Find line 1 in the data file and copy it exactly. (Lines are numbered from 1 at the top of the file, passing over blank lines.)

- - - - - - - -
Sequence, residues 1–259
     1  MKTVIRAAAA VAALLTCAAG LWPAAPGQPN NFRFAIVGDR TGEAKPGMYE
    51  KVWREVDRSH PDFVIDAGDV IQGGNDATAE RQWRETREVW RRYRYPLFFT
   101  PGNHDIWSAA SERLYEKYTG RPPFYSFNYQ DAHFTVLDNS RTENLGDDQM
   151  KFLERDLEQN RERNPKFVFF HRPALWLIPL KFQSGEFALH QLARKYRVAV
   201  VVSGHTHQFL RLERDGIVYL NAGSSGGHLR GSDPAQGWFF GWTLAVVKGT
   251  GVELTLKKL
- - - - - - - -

Sequence, residues 1–259